• Ideascale, although well intentioned, has not worked and does not work.  See my blog article USPTO’s Ideascale — where good ideas go to die.  The large body of Patentcenter problem reports that alpha testers of Patentcenter posted to Ideascale in 2018 and 2019 that had never gotten fixed somehow got deleted from public view by the USPTO a few months ago.  Why did USPTO delete that body of postings from public view?  One can only speculate what the reason might be.  To see my own Ideascale postings again, I actually had to file a FOIA request at the USPTO.  You can see my alpha tester Ideascale postings in that blog article.
  • Opening trouble tickets at the EBC has not worked and does not work.  Although a small portion of Patentcenter bugs reported to the EBC have gotten fixed, most have not.  I have filed a FOIA request asking for documents showing the disposition of the Patentcenter trouble reports that I reported to the EBC.  (See blog article.)  Not once have I ever heard back with any disposition of even one of the trouble reports about Patentcenter that I opened at the EBC from the start of alpha testing (autumn 2018) to the present.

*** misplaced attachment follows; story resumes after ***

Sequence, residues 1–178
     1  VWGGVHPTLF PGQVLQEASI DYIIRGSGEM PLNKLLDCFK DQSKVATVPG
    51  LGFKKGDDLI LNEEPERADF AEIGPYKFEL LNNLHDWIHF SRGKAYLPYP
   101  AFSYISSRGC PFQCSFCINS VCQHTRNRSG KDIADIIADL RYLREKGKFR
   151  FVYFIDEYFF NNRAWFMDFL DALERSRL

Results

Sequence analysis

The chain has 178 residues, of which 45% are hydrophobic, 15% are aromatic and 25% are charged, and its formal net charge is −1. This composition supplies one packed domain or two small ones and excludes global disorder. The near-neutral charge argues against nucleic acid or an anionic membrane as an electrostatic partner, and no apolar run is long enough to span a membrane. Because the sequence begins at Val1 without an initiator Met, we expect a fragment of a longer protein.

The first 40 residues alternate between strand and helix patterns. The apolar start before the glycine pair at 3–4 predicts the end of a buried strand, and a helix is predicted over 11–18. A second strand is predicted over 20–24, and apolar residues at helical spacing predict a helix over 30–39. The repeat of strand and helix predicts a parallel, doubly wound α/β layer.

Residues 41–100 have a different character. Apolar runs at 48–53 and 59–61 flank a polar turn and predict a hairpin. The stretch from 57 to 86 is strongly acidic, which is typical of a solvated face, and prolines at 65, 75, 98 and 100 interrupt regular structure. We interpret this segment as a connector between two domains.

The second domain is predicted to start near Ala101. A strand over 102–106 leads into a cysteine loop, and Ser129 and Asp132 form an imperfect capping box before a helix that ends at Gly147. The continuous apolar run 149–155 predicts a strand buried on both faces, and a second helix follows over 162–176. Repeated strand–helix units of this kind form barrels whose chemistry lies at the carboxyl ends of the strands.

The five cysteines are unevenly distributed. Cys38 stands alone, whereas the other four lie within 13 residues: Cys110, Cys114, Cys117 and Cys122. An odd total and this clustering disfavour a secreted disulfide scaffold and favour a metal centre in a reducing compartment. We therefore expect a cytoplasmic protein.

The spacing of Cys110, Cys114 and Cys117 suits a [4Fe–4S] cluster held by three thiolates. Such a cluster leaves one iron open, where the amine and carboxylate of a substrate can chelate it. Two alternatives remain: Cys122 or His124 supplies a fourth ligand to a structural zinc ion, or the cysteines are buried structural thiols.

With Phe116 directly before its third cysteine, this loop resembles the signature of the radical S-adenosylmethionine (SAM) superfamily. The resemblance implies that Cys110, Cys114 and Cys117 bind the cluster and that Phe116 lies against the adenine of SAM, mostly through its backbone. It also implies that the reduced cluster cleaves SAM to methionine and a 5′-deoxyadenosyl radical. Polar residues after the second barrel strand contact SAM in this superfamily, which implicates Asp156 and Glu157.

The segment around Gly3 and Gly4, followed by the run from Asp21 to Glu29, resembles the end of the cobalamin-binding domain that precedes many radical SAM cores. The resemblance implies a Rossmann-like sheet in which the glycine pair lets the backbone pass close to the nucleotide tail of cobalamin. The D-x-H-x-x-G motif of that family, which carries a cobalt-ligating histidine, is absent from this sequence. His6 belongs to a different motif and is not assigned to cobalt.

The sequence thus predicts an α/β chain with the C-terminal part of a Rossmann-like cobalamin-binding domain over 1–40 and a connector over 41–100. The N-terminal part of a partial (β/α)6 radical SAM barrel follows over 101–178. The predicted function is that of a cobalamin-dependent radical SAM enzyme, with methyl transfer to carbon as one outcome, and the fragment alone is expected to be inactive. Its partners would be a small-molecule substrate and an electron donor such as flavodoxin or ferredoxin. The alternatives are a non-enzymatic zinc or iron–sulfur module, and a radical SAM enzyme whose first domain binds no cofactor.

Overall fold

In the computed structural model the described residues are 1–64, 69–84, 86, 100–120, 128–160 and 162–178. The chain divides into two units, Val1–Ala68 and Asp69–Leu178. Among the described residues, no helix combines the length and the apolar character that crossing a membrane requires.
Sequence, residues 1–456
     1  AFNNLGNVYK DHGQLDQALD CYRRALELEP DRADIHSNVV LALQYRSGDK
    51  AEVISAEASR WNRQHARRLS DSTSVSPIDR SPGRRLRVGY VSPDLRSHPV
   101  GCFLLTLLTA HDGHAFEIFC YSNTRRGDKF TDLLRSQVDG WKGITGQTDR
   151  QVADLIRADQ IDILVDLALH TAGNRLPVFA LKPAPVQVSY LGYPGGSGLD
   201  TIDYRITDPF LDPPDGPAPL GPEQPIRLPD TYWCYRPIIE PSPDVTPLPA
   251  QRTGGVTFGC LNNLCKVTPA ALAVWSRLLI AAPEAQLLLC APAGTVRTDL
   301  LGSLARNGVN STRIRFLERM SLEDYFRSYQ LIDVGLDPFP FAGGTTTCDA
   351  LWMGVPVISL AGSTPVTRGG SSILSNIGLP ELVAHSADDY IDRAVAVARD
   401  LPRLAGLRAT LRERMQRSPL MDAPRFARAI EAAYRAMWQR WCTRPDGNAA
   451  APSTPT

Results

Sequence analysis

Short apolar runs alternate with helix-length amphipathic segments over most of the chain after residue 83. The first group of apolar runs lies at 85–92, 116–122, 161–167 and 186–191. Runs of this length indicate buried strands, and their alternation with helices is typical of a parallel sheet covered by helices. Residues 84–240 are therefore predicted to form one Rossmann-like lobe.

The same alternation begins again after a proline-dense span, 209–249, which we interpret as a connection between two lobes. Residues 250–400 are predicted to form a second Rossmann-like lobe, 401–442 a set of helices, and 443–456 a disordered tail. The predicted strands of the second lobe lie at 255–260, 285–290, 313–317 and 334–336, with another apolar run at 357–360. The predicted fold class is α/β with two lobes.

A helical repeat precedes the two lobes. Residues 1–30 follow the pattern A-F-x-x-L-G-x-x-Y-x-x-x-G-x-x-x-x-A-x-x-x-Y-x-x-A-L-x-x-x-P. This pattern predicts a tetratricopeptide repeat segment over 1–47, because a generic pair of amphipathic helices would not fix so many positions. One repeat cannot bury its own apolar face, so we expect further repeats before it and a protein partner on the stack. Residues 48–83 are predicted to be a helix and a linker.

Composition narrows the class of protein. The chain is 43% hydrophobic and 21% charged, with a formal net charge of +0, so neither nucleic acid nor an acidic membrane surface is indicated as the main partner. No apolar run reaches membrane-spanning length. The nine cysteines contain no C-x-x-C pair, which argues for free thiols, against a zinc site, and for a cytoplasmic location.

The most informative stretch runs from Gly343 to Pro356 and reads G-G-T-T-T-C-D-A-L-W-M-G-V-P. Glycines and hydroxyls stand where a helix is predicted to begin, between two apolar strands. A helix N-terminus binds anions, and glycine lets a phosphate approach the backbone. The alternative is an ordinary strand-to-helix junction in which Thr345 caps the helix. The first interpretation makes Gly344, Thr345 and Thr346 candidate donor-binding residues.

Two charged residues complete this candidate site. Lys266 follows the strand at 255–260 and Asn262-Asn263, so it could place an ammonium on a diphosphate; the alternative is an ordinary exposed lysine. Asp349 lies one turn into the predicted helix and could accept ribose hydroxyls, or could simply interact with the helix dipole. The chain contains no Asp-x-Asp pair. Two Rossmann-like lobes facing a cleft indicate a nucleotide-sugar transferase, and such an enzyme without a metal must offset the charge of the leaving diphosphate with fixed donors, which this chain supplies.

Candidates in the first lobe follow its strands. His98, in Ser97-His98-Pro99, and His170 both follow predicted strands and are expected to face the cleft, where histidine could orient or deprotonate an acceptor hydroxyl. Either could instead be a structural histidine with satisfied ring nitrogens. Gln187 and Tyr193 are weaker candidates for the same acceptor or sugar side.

• Sending email to eMod@USPTO.GOV.  A small portion of bugs and feature requests reported by email to this email address have gotten fixed or implemented.  Most have not.  Most alpha and beta testers who report bugs and feature requests to that email address never hear anything substantive back in response to any of those emails.

The three mechanisms are one-way.  Some USPTO testers feel the phrase “black hole” is the most succinct way to characterize those three communications mechanisms.